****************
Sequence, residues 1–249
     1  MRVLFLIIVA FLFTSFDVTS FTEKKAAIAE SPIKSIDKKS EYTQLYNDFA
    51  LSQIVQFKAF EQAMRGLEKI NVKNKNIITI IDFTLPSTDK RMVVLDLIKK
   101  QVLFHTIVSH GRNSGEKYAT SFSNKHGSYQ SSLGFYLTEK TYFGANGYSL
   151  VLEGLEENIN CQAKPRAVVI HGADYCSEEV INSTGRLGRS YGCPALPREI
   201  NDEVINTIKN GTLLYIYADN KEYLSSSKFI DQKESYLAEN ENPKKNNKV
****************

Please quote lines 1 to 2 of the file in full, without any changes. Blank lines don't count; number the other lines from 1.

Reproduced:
Sequence, residues 1–249
     1  MRVLFLIIVA FLFTSFDVTS FTEKKAAIAE SPIKSIDKKS EYTQLYNDFA